Mr. Kurtz, a professor of philosophy at the State University of New York, said in an interview that at least one critic of the committee has suggested in a published article that it is connected with the CIA.

Behind the Scientologists' attack on the scientific group is the fact that CSICOP members give little credence to pseudo-scientific claims made by Mr. Hubbard and his followers.

The first issue of the committee's publication came out just before the Scientology attack on the committee was ordered. It included an article by British sociologist Roy Wallis, an excerpt from a book he had written based on extensive research into Dianetics, L. Ron Hubbard's "science of mental health."

The author noted help he received from John Lee, a University of Toronto professor who was the author of a report on psychic healing for an Ontario Government inquiry into health treatment. Professor Lee was sued by the Scientologists-and some of his confidential communications, along with others that had disappeared from Health Ministry files, turned up in the U.S. court documents.

The Wallis article said that Dianetics, which Mr. Hubbard developed in the 1940s and claims is based on scientific research, was rejected by the medical, psychiatric and psychological professions "apart from numerous marginal, limited, and quasi-medical converts."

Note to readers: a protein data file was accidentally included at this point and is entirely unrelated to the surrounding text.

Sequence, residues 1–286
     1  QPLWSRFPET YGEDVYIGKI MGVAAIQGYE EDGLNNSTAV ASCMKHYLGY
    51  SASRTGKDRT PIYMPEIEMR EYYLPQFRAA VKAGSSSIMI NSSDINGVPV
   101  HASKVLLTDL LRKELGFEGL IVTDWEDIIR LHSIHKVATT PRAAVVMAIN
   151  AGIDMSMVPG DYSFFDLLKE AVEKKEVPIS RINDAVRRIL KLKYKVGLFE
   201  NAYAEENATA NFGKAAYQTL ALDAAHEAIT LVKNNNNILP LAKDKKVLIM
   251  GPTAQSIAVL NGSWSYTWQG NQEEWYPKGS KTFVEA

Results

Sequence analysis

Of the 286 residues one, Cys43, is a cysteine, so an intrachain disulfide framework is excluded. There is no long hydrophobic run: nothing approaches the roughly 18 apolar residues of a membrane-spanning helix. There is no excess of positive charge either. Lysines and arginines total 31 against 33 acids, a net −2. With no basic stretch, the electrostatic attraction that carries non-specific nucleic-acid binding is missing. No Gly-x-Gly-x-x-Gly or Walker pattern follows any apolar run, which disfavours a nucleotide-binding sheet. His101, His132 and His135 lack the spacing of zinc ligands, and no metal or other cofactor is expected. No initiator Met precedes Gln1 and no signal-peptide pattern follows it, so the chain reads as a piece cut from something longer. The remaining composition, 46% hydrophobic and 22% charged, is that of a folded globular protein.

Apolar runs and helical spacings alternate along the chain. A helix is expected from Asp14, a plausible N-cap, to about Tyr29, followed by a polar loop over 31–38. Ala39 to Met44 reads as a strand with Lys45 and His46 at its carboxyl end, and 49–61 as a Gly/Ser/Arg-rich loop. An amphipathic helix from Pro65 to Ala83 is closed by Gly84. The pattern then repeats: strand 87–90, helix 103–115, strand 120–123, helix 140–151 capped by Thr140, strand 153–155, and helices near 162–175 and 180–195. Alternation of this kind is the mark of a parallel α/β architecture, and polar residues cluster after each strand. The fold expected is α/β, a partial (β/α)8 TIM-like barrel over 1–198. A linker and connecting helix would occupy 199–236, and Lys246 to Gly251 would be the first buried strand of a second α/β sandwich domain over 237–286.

Dianetics did reach craze proportions in the United States in 1950, Mr. Wallis wrote, but by 1952 it had disappeared. A foundation set up to sell courses in the theories foundered. Mr. Hubbard broke with his colleagues, and the foundation declared bankruptcy. Mr. Hubbard expanded his theories and called the result Scientology, "organized from the outset in a highly centralized and authoritarian fashion."

Much of the Wallis article was in Mr. Hubbard's own words, relating the cult leader's belief that "engrams" (meaning subconscious memories from the womb or even past lives) could be discovered and erased. A person "cleared" of this spiritual baggage could become superior in mind and body.

He quoted Mr. Hubbard, who believed psychosomatic illnesses included at least 70 percent of all known illnesses, as writing: "Arthritis of the knee, for instance, is the accumulation of all knee injuries in the past.

"The body confuses time and environment with the time and environment where the knee was injured and so keeps the pain there. The fluids of the body avoid the pain area. Hence a deposit which is called arthritis."

Another quotation: "Migraine headaches are psychosomatic, and with the others (a long list that included coronary and eye problems, allergies, bursitis, ulcers and asthma) are uniformly cured by dianetic therapy. And the word cured is used in its fullest sense."

Some of those engrams, those past memories, that Mr. Hubbard found in subjects under his form of psychotherapy involved what he said was the ability of a fetus in the womb to not only hear the voice of its mother and others but to understand the words.